As we know, the Second Amendment supporting “militias” has been twisted over the last 25 years to be a banner for individual gun ownership rights. But even in the 2008 case that widened gun rights in homes — the 5–4 decision in District of Columbia vs. Heller — it was Justice Antonin Scalia who wrote that this right is not absolute and the government can regulate who has guns, where they have them and what type of weapons are allowed.

Scalia said the right to possess arms was limited to weapons that “were in common use at the time” the 2nd Amendment was ratified. He said this “limitation is fairly supported by the historical tradition of prohibiting the carrying of ‘dangerous and unusual weapons.’” As Chermerinsky notes, no one can argue that AR-15 style weapons existed, let alone were in common use, in 1791. Nor can it be denied that they are very dangerous weapons.

Judge Benitez argued that the 2nd Amendment protects a “muscular” constitutional right and the California ban is “about average guns used in average ways for average purposes.” He added, “In California, murder by knife occurs seven times more often than murder by rifle.”

This attempt to minimize the danger of assault weapons fails to recognize that they are banned by California and other states (and for a time by the federal government) because of their ability to kill a large number of people in a short amount of time.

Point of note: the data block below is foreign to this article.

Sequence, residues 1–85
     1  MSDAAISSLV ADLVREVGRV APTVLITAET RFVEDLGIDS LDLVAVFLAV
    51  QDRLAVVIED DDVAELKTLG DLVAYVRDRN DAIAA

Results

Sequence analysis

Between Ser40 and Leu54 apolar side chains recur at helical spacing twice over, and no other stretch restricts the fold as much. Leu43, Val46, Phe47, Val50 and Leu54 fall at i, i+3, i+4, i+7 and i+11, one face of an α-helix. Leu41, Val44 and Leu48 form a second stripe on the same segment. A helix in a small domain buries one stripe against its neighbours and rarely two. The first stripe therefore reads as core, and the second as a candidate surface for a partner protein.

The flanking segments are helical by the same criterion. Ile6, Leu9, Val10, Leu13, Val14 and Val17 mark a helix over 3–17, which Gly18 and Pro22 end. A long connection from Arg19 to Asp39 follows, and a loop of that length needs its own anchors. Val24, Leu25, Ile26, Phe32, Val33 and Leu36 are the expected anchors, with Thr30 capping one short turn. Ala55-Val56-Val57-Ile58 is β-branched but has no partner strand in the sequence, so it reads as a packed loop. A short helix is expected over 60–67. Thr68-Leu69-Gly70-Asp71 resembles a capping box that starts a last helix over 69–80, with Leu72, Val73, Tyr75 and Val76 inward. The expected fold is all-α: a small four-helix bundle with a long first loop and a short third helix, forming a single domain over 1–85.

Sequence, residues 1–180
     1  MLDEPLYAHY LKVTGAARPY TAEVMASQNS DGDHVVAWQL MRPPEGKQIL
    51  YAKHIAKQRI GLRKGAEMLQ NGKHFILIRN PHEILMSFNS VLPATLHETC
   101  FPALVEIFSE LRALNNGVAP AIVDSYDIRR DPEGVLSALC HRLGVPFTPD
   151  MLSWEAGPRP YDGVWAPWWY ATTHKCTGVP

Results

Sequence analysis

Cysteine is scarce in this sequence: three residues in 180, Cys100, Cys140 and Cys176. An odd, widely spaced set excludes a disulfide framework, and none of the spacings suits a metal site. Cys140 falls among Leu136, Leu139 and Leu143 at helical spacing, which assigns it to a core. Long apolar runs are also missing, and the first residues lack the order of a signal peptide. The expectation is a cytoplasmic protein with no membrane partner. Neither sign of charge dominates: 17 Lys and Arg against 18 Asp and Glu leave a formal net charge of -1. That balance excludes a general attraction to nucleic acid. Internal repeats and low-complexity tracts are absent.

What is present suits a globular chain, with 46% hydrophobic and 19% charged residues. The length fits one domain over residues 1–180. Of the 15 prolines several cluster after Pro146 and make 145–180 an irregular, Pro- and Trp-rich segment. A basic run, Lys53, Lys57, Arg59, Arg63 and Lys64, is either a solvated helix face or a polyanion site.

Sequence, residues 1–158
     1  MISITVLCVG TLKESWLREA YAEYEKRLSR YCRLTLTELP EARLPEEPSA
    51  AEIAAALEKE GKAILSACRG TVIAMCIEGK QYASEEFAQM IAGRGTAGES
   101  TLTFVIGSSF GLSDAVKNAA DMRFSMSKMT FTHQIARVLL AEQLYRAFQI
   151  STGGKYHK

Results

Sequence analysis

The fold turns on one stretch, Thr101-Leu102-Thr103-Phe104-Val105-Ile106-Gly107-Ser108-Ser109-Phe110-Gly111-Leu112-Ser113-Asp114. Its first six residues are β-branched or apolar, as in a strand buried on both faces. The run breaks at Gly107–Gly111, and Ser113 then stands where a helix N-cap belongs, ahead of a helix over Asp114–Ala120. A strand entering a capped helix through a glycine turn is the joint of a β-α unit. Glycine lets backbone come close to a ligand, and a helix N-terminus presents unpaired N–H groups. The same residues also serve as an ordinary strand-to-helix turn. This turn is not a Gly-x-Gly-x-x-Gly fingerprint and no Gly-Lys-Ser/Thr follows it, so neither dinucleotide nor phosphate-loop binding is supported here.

Where’s Reality Here?

From a practical point of view, the Benitez decision seems ill-timed. With the pandemic ending, people are worried about a sudden rise in street violence and crime, and the record of multiple-victim shootings pared with the rise of hate crimes is drawing a lot of political attention — mostly along partisan lines, of course.

This ruling sounds tone-deaf to real life. Indeed, Joe Biden says he wants to re-introduce a ban on such assault-style weapons anew in the Congress.

These weapons bans don’t pass legislatures very easily. They are heavily debated and lobbied. For Judge Benitez to decide 30 years later that this one is unconstitutional doesn’t seem to fit with what’s been happening.

Fred Guttenberg, a gun safety activist whose daughter was killed in the Stoneman Douglas High School shooting in 2018, told the AP, “My daughter is in a cemetery because a Swiss Army Knife was not used, because it was an AR-15. If a Swiss Army Knife were used, my daughter and most of those other kids and adults would be alive today.” Other victim families said much the same.

The National Rifle Association called the judge’s decision “well-reasoned and principled. . . Judge Benitez highlighted what all gun owners know: these types of restrictive gun laws don’t make anyone safer and infringe on the rights of law-abiding Americans.

Judge Benitez described California’s law as a “failed experiment” because there have been mass killings with assault weapons since its enactment in 1989. As Chermerinsky notes, by that analysis, every criminal law would be a failed experiment because they are repeatedly violated.

We need solutions from our government, not polemics.